38 38 NCPP Process COSTS Reconstruction _______ Lane Miles X $300,000 = $______________ Overlay 2 Lane Miles X $80,000 = $ 160,000 Sealcoat _______ Lane Miles X $20,000 = $______________ Crack seal _______ Lane Miles X $4,000 = $______________ TOTAL _________________

39 39 NCPP Process Lane Mile-Years Improvement Reconstruction _______ Lane Miles X 15 Years = _________________ Overlay _______ Lane Miles X 8 Years = _________________ Sealcoat _______ Lane Miles X 4 years = _________________ Crack seal _______ Lane Miles X 1 year = _________________ TOTAL _________________

40 40 NCPP Process Lane Mile-Years Improvement Reconstruction _______ Lane Miles X 15 Years = _________________ Overlay 2 Lane Miles X 8 Years = 16 Sealcoat _______ Lane Miles X 4 years = _________________ Crack seal _______ Lane Miles X 1 year = _________________ TOTAL _________________

41 41 NCPP Network Condition Health MI Example625 Lane Mile Network Programmed Activity Fix Cost per Lane Mile ESL Years # of Lane Miles of Fix Lane Mile Years Total Cost Reconstruction $530, $2,120,000 Rehabilitation $170, $1,020,000 Mill & Overlay $68, $340,000 Non Struc. OvL $32, $224,000 Crack Seal $4, $28, $3,732,800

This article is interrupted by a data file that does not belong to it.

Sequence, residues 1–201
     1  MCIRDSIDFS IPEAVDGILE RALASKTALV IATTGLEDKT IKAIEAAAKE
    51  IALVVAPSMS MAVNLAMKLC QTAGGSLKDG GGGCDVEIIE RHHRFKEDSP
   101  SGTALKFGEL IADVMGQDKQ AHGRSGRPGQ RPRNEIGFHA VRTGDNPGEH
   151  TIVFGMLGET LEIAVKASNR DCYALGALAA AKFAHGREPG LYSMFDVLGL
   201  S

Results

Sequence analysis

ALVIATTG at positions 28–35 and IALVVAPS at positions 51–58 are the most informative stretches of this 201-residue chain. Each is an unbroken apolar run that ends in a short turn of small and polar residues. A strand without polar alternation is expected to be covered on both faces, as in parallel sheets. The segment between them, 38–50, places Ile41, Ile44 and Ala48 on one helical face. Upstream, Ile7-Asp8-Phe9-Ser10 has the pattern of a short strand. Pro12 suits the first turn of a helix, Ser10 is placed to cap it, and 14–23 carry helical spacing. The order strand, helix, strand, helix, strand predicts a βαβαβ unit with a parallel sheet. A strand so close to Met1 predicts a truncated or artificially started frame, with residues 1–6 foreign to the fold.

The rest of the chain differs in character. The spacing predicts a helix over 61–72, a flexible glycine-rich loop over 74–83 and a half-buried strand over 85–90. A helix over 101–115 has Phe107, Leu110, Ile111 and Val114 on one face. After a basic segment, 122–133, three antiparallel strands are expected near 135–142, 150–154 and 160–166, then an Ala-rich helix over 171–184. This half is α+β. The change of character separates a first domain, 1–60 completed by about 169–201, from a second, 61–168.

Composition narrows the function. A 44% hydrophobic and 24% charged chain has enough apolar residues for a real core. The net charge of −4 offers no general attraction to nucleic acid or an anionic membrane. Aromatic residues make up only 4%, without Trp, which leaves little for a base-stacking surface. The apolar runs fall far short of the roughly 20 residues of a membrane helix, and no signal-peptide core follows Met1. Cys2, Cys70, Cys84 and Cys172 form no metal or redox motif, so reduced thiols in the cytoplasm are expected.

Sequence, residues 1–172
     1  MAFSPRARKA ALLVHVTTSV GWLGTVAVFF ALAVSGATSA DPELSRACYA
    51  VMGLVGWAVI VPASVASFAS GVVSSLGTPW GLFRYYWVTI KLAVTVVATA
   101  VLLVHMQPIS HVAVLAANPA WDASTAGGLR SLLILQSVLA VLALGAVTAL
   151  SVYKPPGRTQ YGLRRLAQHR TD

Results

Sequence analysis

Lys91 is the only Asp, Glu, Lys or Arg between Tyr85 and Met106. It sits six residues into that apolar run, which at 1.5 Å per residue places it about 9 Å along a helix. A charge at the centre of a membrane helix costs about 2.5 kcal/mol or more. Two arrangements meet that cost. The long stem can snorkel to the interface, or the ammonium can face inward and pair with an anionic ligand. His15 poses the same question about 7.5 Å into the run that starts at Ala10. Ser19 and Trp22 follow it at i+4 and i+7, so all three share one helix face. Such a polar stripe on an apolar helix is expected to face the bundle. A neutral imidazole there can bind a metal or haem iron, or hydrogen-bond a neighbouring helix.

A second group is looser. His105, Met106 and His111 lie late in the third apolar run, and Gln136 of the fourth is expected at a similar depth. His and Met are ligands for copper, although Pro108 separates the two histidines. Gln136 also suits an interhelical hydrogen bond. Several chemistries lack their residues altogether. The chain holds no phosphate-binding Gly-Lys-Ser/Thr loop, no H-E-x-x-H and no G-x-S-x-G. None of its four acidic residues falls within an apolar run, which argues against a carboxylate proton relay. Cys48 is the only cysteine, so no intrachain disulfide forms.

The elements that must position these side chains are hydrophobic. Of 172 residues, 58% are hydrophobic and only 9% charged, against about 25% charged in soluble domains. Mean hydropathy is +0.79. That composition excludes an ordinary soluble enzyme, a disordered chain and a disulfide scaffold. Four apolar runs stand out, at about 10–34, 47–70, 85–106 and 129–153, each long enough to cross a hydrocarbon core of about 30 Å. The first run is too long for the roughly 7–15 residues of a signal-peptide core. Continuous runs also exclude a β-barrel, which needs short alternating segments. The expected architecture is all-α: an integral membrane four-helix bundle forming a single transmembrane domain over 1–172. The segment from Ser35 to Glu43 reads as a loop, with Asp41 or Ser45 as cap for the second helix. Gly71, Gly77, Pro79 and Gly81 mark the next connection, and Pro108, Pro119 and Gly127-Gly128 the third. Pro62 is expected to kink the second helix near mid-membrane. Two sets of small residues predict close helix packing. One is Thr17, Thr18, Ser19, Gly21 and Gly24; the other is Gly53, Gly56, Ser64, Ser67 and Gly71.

42 42 Network Level Strategy Analysis Using Computer Models

43 Is It A Management System? GIS 43

44 Is It A Management System? 44 GASB 34 Accounting method Requires road assets to be reported as cash value Assets must be devalued for age or quality Results must be reported to federal government

45 Systems Management Adoption In order for a system to be valued and have longevity it must do the following: o Be part of the agencies business practice, AND o Work to make a necessary business practice easier, AND o The time spent supporting the system must be less that the value it provides. 45

46 Roadsoft Strategy Evaluation Segments with similar RSL summed by mileage Analysis by singular pavement type Network level (segment history lost) RSLMiles

47 Deterioration Each Year of simulation subtracts one year of RSL Keeps negative RSL categories discrete RSL

48 Treatment User specified treatments Cost Trigger range Reset range Treatments only applied to Trigger range No candidates, no treatment RSL { 20 MI Reconstruct


Download ppt "Asset Management Systems Pavement Management. 2 What is Transportation Asset Management? An ongoing process of maintaining, upgrading, and operating physical."

Similar presentations


Ads by Google